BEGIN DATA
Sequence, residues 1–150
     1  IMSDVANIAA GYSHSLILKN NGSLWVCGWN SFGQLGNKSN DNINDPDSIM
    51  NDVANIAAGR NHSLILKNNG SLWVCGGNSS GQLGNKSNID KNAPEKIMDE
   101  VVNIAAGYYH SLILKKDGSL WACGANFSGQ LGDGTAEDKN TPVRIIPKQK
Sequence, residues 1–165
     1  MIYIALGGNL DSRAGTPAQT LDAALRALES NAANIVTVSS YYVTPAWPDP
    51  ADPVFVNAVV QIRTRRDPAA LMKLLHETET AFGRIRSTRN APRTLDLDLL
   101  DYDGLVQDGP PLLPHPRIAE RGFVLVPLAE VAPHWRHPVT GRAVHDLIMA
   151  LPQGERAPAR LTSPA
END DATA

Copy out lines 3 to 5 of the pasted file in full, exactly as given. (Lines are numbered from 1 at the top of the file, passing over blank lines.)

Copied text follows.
    51  NDVANIAAGR NHSLILKNNG SLWVCGGNSS GQLGNKSNID KNAPEKIMDE
   101  VVNIAAGYYH SLILKKDGSL WACGANFSGQ LGDGTAEDKN TPVRIIPKQK
Sequence, residues 1–165